The following summary of the invention is provided to facilitate an understanding of some of the innovative features unique to the present invention, and is not intended to be a full description. A full appreciation of the various aspects of the invention can be gained by taking the entire specification, claims, drawings, and abstract as a whole.
The present invention is a novel method for optically coupling two or more substrates together. The method requires providing two clean substrates and positioning each at approximately a 20 degree angle (or an incline of various ranges) parallel to each other and in close proximity to each other. The two substrates are then sealed adjacent to each other by a means for sealing. A means for optically cohering (such as an optically clear fluid) is then de-gassed to remove any dissolved or remaining gas within the means. Then, a pressurized means for injecting (such as a pressurized syringe) is filled with the de-gassed optical laminate means, while a means for exhausting the optical laminate means is provided through the means for bonding along a top edge of the bonded substrates. The pressurized means for injecting then introduces, through the means for sealing, the means for optical laminating between the two substrates from a side peripheral edge. The means for optically cohering is subsequently allowed to permeate throughout the entire air cell area, and then, cured or allowed to cure.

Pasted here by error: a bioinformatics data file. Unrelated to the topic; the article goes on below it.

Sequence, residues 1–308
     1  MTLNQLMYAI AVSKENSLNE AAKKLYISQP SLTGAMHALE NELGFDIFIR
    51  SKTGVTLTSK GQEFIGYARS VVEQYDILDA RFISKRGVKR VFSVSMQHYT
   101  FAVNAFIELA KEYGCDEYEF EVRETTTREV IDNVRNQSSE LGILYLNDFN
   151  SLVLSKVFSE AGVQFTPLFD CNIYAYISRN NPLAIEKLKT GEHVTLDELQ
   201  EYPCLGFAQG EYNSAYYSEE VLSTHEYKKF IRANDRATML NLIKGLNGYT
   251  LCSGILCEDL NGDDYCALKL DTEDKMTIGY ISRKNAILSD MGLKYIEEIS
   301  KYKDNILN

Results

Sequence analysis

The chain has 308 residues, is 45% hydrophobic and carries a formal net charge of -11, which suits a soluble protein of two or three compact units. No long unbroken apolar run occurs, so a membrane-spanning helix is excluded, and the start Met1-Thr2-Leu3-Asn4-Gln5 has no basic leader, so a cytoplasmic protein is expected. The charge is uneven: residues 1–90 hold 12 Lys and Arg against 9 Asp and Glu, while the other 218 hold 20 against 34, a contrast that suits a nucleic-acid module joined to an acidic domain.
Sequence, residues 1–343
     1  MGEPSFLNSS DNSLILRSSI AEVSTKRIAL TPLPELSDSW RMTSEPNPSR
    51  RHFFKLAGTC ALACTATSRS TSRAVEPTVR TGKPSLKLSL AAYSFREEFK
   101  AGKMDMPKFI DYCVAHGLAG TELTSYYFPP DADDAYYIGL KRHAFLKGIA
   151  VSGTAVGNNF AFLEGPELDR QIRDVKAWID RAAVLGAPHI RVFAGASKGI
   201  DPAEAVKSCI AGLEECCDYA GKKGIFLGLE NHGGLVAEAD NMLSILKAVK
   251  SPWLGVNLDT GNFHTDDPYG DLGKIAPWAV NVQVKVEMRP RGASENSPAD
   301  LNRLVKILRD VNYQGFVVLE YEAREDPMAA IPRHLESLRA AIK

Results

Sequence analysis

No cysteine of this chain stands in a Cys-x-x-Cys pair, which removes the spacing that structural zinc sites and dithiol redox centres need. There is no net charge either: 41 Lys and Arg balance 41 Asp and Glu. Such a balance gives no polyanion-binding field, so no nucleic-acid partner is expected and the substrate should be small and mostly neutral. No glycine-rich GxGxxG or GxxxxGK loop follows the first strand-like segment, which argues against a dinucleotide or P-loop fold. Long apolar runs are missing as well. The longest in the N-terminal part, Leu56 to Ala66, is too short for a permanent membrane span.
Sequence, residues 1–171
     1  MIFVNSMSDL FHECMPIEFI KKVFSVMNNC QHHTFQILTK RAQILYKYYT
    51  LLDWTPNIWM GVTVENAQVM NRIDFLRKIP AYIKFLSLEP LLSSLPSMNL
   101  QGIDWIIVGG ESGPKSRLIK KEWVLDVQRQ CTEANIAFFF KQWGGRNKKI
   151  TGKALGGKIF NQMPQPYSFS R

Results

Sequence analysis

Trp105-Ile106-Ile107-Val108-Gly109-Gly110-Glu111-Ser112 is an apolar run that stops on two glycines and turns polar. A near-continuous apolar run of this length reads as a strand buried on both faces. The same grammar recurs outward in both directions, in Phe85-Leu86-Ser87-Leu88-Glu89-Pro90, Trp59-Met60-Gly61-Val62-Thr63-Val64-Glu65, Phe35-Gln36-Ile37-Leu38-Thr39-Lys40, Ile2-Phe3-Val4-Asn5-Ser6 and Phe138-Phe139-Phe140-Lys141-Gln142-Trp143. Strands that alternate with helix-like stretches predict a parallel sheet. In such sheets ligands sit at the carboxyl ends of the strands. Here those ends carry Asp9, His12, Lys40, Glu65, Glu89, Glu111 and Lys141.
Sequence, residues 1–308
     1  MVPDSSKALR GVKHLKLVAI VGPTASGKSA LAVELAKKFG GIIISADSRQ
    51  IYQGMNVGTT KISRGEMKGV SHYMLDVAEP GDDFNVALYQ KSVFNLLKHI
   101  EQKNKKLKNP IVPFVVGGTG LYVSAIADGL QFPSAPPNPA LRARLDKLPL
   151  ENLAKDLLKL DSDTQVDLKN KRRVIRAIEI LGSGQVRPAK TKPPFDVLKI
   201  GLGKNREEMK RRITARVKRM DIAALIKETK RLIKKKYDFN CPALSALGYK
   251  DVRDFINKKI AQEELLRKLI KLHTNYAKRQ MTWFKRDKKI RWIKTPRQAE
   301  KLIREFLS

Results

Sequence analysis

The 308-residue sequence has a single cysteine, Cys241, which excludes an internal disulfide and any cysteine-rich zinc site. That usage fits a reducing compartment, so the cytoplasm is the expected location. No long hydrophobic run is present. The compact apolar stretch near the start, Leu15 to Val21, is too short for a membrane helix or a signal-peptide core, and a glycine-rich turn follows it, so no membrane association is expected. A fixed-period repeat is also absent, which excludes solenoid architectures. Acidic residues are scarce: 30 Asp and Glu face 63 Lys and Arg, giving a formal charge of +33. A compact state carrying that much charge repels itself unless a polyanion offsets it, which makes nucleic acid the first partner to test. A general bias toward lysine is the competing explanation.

The novel features of the present invention will become apparent to those of skill in the art upon examination of the following detailed description of the invention or can be learned by practice of the present invention. It should be understood, however, that the detailed description of the invention and the specific examples presented, while indicating certain embodiments of the present invention, are provided for illustration purposes only because various changes and modifications within the spirit and scope of the invention will become apparent to those of skill in the art from the detailed description of the invention and claims that follow.
The accompanying figures, in which like reference numerals refer to identical or functionally-similar elements throughout the separate views and which are incorporated in and form part of the specification, further illustrate the present invention and, together with the detailed description of the invention, serve to explain the principles of the present invention.
FIG. 1 is a top plan view illustrating a LCD substrate without any hardware frame;
FIG. 2 is a side perspective view of the present invention LCD substrate illustrating the LCD substrate on the bottom with the bond tape applied to the outer periphery of the LCD substrate, in accordance with the present invention;
FIG. 3 is an exploded side perspective view of the present invention illustrating the LCD substrate on bottom, the bond tape applied to the outer periphery of the LCD substrate, with the protective substrate on the top positioned to be bonded to the LCD substrate, in accordance with the present invention;
FIG. 4 is a side perspective view of the present invention illustrating the LCD substrate on the bottom coupled to the protective substrate on the top, the coupling producing an air gap or cavity therebetween, as cohesive, or laminating, fluid is initially injected into the air gap, in accordance with the present invention;
FIG. 5 is a side cross-sectional view taken along lines A—A shown FIG. 4, illustrating the air gap as defined in the present invention; and